Supply chain problems, high costs hit construction industry

But still plenty of new homes being built

Supply chain problems, high costs hit construction industry

Supply chain disruptions and severe labour shortages are affecting New Zealand’s construction industry but building a new home remains popular, a new report shows.

CoreLogic’s latest data confirmed the construction industry remained strong. It hit a record high of almost 50,000 dwellings built in the 12 months from February 2021 to February 2022.

However, with uncertainty in the market due to the pandemic and war in Ukraine, the industry might only have capacity to build 30,000 to 35,000 dwellings in any given year.

Mike Pero adviser Scott Jackson (pictured) said building a new home was an increasingly popular option for first home buyers as they saw the immediate capital gain that could be achieved.

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“However, the pandemic continues to impact on the building industry, particularly when it comes to trades and supply of materials,” Jackson said.

“In addition to this, we have experienced long delays in land titles being issued and this flows through to processing with local council and LINZ processes and increase to sub-trade labour costs.”

Jackson said this was leading to increased costs for clients and in some cases these costs were no longer affordable, leaving the client in a tough spot.

He encouraged advisers to be the expert and remain up to date with bank construction policies.

“I like to keep in contact with local building companies to better understand the market we are operating in. In my region (Nelson), the biggest issue has been with delays to new development titles with some nearly two years later than expected,” Jackson said.

“This is causing a bottleneck at council for consents, clients are impacted by the increased costs due to supply chain issues, and it’s making it challenging for build companies to manage the process effectively too.”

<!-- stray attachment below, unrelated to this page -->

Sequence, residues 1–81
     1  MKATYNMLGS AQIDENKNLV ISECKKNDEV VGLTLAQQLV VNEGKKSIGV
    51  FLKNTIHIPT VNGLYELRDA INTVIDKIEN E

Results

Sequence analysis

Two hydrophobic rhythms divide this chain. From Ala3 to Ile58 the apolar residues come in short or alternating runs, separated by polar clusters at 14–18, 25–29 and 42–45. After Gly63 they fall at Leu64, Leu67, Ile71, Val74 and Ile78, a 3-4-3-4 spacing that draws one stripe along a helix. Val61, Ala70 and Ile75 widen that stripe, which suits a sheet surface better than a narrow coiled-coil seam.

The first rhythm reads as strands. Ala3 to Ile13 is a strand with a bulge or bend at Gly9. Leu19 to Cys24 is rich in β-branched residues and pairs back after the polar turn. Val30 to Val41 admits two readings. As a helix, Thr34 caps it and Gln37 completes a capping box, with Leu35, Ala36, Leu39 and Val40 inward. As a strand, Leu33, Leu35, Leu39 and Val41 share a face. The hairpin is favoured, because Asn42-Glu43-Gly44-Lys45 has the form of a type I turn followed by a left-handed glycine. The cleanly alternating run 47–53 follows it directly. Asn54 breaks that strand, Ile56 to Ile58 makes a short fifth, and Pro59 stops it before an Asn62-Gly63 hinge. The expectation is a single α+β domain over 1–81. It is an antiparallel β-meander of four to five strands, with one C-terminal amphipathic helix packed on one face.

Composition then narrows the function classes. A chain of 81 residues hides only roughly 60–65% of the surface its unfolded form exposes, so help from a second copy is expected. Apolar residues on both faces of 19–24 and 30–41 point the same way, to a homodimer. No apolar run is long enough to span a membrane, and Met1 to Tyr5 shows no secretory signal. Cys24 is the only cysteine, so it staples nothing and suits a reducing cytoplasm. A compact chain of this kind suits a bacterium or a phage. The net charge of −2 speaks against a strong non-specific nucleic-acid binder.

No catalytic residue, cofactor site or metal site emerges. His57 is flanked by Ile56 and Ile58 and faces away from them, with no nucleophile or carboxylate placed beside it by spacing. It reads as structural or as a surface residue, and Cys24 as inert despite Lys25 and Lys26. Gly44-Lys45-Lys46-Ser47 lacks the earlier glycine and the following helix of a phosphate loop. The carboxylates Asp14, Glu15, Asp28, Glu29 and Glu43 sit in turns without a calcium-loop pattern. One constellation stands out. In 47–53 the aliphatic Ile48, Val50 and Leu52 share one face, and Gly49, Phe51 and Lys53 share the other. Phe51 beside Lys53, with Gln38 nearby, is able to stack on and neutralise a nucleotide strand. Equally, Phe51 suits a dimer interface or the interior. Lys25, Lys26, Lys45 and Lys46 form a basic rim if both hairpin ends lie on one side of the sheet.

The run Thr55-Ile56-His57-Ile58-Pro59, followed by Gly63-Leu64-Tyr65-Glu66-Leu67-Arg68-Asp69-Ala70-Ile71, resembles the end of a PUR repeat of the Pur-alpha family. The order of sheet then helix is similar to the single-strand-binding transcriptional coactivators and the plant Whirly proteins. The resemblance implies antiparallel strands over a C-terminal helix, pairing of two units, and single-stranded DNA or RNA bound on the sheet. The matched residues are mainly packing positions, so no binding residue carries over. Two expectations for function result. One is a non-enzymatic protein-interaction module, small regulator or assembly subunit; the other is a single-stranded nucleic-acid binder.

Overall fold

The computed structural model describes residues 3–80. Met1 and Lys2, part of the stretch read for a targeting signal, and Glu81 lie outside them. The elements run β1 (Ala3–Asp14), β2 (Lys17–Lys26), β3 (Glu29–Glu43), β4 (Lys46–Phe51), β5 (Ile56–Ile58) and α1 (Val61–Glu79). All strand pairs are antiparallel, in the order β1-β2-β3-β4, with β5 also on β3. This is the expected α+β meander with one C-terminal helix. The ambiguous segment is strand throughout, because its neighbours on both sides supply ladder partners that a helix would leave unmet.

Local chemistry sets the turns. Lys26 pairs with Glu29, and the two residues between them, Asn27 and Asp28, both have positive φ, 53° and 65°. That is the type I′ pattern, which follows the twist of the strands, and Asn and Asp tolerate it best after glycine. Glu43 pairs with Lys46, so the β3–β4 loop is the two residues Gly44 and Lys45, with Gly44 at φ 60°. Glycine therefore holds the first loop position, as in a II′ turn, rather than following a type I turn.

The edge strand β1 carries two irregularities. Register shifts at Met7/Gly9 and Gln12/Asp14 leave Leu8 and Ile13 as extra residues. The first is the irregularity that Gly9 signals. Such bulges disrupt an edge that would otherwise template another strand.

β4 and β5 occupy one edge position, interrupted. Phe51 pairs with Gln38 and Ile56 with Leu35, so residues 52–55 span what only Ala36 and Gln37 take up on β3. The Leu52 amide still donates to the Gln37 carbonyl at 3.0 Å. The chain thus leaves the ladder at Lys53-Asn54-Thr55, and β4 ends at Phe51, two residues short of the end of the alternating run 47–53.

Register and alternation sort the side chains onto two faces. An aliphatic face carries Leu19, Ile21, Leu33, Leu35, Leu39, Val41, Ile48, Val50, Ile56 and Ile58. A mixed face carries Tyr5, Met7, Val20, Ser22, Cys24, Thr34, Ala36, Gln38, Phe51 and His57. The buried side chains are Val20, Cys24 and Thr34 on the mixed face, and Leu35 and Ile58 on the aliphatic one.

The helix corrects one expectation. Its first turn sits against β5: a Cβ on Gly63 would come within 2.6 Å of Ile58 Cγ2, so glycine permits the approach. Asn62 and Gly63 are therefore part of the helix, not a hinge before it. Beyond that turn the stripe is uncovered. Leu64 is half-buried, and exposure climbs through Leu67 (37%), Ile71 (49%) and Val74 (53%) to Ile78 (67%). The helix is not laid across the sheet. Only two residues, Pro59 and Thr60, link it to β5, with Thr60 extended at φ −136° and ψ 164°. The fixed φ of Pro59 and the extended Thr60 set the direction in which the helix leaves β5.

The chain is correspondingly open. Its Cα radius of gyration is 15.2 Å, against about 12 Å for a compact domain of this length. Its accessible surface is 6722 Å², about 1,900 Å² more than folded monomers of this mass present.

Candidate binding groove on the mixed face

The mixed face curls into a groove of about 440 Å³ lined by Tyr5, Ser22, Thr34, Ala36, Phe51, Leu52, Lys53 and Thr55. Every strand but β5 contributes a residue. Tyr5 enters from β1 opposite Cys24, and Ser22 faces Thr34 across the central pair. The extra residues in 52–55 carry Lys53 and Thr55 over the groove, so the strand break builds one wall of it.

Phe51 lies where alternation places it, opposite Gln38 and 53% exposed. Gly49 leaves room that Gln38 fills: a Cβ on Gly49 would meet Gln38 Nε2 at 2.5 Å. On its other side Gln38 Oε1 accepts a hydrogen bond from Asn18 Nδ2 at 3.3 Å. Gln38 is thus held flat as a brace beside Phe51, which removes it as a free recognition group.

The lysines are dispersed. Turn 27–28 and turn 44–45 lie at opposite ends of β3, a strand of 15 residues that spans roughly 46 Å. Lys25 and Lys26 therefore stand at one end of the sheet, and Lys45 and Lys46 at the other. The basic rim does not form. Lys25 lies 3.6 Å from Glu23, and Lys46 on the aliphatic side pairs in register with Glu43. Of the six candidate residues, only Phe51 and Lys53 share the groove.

Jackson said it was important the client knew the potential risks of cost increases and the impact delays could cause.

“I ask my clients to let me know whenever they receive an update from their build company so I know when their finance needs to be available and can refresh the approval if needed,” he said.

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With new building projects facing increased chances of delays, Jackson said it was crucial advisers made sure clients were aware of the potential of their approval expiring and needing to be reapplied for.

“I advise my clients to be boring during this period – stay in the same job, keep expenses to a minimum, boost savings instead of spending it etc.,” he said.

Jackson said advisers should keep in regular contact with clients and be proactive.

“Completing a new build project during this time is arguably a lot more stressful than buying an existing home so you may need to hold their hand more than usual,” he noted.

“If a delay looks likely and a new loan approval is needed then you’ll be able to action this quickly and avoid any last-minute surprises and stress.”

Jackson also recommended being sympathetic to local building companies as most were trying to absorb costs where they could and were feeling pressure from supply chain disruptions.

“They can be great referrers when you build a strong relationship,” Jackson said.

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